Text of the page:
Dividends, Tax Credits and Pensioners
Although dividend imputation reform proposed by the Opposition would mostly affect the wealthy, pensioners with small franked-dividend-paying shareholdings could also lose a significant amount of their income.
Low-income retirees have made their retirement plans based on the understanding that they would receive these tax credits in cash. For many, investing in defensive stocks rather than a term deposit has been a leap of faith, and they should not be punished for it.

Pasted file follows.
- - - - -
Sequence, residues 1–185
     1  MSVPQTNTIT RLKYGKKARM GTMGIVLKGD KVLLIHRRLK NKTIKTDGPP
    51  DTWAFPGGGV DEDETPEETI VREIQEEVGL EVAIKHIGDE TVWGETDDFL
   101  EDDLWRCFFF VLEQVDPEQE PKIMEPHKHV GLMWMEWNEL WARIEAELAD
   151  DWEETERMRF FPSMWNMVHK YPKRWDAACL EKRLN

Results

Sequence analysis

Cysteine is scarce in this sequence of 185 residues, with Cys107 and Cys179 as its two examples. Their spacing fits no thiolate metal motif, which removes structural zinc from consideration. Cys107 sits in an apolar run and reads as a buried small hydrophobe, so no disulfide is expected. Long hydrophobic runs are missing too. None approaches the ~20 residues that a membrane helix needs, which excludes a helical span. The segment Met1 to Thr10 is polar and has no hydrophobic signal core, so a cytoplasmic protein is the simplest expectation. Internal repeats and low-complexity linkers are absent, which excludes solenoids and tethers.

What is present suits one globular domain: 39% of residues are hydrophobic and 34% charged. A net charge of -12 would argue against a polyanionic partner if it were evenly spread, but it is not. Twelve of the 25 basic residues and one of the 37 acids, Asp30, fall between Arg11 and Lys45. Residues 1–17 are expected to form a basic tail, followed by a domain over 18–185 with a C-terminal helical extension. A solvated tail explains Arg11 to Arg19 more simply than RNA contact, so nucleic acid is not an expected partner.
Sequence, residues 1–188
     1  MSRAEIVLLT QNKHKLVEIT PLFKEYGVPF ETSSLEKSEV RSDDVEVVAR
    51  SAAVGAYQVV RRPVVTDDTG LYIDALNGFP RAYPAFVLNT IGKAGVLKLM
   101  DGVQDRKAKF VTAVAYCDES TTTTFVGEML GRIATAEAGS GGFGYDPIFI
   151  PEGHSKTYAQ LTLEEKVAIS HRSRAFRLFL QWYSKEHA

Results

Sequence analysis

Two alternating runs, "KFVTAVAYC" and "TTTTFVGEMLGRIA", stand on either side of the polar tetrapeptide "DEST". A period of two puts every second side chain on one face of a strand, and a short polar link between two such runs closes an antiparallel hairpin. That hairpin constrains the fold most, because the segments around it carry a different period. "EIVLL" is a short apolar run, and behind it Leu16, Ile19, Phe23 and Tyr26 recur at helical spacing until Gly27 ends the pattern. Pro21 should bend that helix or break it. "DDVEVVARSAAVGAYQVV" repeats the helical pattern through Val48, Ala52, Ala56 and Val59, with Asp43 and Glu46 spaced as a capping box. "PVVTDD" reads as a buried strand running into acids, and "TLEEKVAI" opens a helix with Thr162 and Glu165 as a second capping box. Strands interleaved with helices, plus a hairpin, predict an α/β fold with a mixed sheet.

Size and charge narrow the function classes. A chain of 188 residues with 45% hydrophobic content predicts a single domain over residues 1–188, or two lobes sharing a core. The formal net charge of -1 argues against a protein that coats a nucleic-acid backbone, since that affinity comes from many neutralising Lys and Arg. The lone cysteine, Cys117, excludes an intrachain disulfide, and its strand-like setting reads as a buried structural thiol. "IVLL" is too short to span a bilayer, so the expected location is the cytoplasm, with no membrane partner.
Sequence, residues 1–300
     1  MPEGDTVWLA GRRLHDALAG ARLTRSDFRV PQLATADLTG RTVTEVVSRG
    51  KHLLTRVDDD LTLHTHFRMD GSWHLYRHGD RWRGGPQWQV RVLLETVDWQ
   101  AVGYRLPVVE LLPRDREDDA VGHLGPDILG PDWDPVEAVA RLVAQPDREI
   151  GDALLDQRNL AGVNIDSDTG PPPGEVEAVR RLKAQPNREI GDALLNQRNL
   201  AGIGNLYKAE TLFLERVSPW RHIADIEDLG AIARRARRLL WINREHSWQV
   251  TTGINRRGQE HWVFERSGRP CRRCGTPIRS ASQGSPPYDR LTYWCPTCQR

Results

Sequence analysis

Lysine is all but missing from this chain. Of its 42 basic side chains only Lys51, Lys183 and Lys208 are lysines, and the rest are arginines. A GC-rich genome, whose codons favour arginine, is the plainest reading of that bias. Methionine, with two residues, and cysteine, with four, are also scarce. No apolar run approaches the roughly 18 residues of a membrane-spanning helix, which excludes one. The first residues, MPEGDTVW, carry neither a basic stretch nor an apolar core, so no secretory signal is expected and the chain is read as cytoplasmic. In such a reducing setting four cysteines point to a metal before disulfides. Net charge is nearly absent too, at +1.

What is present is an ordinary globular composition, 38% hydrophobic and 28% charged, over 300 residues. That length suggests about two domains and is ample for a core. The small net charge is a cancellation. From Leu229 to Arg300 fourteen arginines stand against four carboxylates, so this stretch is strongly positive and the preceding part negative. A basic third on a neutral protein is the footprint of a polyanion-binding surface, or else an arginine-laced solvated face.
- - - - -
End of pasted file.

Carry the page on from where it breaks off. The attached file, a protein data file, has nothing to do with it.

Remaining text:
However justified dividend imputation reform may be the practical consequences for low income retirees would be serious.
The Opposition went into damage control and committed to pensioners being compensated for every dollar they forego as a result of dividend imputation reform. Later that day this pledge was withdrawn.
At this point it is not yet clear whether the Opposition would go through with their reform as initially announced. CPSA is seeking clarification and will keep its members and supporters informed.
Closing tax loopholes is a worthy policy. The tax revenue this frees up can help improve social spending to support the most disadvantaged, but this can’t be done at the expense of those not much better off